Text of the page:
It was a wild, chilly November evening and I was dropped off at that gate to run the few miles back home (it was early in my training plan). I set off up the path running along the field edge, seeing the tower behind gradually getting larger on the horizon. About a mile or so in, I spotted a couple some way ahead in the field just a wee bit off the path. As I got fairly near I realised it was a man and a woman. I also realised the man had a camera on a tripod aimed at the woman with the tower in the background. I suddenly realised that the lady(?) was naked. So advance or retreat? I had been spotted so I carried on past them, gave a cheery wave and a greeting and continued on my way. As I ran I ruminated on this strange meeting, the symbolism of the priapic tower not being totally lost on me, the fact that I seldom saw folk on these runs, plus such a chilly, windy evening to be baring all, so a triple surprise.

Were they influenced by the programme the night before or was it just chance? Anyway, as they say down south “nowt so strange as folk”.

The Challenge – Day 2: Jessie

Rachel (RachelSquirrel) has challenged me, not a cycling challenge as such but a photograph and writing one.

The rules of the Five Photos, Five Stories Challenge are:

1) Post a photo each day for five consecutive days.
2) Attach a story to the photo. It can be fiction, non-fiction, poetry, or a short paragraph. It’s entirely up to the individual.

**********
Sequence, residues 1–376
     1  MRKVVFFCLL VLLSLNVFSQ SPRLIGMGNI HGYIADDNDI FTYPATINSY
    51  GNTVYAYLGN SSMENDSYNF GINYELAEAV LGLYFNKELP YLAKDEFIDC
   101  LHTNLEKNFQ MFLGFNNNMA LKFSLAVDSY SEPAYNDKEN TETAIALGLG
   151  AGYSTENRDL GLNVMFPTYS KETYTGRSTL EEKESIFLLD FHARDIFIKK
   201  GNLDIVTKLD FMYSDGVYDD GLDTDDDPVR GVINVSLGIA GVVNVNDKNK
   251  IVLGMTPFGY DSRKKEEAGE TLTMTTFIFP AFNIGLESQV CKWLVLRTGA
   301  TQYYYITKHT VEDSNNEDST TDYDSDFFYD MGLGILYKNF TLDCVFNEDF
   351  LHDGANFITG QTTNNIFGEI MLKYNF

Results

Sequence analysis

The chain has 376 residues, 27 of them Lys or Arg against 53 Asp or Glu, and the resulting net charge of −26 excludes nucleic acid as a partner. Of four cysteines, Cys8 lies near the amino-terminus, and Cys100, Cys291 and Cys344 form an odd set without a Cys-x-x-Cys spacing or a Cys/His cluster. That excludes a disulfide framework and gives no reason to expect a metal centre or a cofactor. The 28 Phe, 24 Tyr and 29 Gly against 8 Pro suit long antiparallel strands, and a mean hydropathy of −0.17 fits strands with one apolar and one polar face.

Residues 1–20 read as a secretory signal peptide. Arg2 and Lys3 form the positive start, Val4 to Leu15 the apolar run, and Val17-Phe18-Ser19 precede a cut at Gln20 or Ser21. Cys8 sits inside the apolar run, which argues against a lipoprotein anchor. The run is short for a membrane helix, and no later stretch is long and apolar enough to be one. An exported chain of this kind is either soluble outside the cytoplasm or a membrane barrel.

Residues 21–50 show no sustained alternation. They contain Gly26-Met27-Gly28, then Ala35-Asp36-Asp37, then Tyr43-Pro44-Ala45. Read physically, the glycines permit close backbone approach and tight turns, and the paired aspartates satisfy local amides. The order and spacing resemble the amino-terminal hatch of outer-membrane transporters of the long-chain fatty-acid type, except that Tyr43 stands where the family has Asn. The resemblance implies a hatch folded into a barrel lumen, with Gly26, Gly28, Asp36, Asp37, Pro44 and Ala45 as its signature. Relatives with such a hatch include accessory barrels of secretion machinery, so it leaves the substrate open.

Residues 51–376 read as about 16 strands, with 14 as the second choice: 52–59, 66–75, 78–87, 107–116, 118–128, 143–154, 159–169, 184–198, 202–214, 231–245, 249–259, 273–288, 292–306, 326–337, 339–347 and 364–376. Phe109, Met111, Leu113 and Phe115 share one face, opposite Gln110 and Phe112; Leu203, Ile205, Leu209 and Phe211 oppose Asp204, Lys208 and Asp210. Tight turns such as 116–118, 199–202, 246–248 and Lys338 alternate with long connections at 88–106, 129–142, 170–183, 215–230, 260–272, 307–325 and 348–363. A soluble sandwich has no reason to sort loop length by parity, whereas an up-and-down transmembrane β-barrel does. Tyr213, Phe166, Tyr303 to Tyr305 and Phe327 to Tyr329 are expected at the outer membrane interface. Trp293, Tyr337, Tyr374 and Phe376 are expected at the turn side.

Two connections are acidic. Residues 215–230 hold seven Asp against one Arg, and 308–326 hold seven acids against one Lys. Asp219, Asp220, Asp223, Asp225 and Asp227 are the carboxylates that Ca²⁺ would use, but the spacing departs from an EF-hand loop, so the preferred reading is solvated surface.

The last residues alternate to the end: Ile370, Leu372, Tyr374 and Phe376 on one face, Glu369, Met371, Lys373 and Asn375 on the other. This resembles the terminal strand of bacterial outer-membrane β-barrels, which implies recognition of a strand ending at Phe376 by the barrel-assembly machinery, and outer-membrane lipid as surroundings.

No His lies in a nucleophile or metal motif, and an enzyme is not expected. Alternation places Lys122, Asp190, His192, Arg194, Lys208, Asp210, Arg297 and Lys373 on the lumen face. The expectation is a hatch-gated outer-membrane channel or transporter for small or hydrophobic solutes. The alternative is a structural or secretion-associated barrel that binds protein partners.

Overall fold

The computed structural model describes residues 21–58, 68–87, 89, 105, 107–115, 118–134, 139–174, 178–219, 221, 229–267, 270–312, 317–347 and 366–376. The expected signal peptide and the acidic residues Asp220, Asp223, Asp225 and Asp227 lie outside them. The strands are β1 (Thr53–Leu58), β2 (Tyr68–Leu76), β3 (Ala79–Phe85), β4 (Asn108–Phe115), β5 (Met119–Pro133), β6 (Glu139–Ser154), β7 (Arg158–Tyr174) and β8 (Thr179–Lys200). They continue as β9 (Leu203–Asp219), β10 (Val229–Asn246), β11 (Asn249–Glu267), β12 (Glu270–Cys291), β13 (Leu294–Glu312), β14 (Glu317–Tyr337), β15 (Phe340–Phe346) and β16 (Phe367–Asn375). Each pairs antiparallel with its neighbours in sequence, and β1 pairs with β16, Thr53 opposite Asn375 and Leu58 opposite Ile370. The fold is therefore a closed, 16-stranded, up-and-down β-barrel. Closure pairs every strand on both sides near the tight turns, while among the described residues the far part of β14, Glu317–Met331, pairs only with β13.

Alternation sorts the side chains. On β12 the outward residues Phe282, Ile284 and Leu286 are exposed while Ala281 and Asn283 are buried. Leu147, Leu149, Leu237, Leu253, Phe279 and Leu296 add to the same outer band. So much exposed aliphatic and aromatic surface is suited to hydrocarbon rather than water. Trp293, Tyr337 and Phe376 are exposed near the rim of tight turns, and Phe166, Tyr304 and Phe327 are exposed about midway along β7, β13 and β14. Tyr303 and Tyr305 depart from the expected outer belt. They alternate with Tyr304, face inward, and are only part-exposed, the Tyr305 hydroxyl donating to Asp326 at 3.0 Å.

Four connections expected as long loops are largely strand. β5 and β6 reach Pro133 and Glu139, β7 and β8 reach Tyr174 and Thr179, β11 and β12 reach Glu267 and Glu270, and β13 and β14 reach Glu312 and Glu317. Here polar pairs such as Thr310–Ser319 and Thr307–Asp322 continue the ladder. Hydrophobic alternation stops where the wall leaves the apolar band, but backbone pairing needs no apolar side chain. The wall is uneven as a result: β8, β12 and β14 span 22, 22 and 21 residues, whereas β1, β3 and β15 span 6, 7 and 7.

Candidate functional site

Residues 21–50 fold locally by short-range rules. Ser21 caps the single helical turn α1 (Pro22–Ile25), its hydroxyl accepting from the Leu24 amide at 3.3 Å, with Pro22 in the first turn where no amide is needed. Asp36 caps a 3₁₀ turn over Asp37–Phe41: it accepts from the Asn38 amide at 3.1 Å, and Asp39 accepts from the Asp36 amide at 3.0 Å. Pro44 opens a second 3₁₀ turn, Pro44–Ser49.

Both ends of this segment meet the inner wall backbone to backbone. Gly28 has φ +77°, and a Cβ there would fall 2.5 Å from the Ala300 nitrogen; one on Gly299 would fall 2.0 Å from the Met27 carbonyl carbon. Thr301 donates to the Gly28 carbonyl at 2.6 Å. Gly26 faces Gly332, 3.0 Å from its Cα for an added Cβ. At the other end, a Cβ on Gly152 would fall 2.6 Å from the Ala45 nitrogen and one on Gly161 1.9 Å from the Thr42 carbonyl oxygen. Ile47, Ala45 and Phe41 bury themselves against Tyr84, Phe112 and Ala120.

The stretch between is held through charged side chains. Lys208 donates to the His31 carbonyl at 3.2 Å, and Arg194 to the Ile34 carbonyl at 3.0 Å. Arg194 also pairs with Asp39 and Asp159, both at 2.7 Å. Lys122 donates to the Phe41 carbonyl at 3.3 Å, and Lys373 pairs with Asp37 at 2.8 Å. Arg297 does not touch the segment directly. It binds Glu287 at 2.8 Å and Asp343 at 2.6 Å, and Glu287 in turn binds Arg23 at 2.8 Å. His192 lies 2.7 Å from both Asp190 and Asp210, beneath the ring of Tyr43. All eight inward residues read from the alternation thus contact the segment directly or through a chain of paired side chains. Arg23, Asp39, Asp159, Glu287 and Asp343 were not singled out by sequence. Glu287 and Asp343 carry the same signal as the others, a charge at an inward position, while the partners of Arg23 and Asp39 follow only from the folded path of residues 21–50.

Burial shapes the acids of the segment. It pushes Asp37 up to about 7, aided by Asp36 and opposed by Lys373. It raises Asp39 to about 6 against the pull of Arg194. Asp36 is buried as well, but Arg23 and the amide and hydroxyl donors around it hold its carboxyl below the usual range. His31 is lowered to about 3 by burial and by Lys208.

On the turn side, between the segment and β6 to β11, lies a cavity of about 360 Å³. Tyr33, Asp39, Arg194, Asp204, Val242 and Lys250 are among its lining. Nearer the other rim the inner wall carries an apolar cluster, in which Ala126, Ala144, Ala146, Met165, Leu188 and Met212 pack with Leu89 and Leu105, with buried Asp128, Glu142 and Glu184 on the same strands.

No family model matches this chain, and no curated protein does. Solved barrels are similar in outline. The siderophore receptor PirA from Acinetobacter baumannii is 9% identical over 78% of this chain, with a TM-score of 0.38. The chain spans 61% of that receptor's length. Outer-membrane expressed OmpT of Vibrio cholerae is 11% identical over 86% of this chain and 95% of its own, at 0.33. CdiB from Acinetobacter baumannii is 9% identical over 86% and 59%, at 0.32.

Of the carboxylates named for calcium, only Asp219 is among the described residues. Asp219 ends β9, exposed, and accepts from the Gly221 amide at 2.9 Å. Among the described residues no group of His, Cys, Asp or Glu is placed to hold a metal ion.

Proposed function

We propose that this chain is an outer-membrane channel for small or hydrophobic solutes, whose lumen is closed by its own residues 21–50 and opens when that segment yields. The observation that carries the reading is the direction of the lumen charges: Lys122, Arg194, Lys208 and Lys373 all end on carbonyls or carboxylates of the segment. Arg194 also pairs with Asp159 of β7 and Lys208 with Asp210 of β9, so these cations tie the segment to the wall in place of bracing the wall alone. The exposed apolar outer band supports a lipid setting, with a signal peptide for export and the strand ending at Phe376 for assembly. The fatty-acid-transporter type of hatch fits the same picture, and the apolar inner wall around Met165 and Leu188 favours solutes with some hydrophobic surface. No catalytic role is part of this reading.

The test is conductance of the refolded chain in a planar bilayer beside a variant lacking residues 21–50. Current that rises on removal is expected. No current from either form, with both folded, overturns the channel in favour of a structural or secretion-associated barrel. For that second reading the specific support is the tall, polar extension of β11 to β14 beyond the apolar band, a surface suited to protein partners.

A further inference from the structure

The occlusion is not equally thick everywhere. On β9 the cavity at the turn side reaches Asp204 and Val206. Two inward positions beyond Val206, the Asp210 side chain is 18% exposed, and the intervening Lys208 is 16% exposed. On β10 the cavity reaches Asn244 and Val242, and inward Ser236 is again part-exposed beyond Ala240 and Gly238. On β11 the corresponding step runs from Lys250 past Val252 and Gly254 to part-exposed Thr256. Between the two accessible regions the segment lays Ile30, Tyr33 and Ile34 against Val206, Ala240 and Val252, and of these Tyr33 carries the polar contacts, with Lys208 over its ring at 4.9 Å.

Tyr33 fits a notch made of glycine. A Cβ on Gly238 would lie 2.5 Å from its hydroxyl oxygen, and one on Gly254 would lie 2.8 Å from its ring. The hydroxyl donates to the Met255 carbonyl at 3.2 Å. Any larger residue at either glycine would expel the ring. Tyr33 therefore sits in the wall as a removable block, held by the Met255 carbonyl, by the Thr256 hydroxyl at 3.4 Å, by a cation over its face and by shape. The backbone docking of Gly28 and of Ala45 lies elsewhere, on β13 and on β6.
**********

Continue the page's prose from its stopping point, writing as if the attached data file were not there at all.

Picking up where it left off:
3) Nominate another blogger to carry on the challenge. Your nominee is free to accept or decline the invitation. This is fun, not a command performance!

The Square in East Linton, with the fountain & former church of St Andrews

The Square in East Linton, with the fountain & former church of St Andrews

I thought I was meant to go on a segueway tryout today, but it seems it’s next week, so the alternative two wheel adventure will have to wait.

Our village, East Linton, is a conservation one, conserved up to the eyeballs. We still have an old working water mill, from the 18th century, a doocot from the 15th, Prestonkirk with bits from the 11th century and lots of old houses, etc. It’s all far too much to go into.

In the picture the bunting is up as it is Gala week, a Queen is crowned with her assembled court and there is a parade through the village, highland dancing and a run across the river and up to Traprain Law, the local hill, and back. I run the website for the Community Council and have posted some photos of the event – www.eastlinton.uk.com.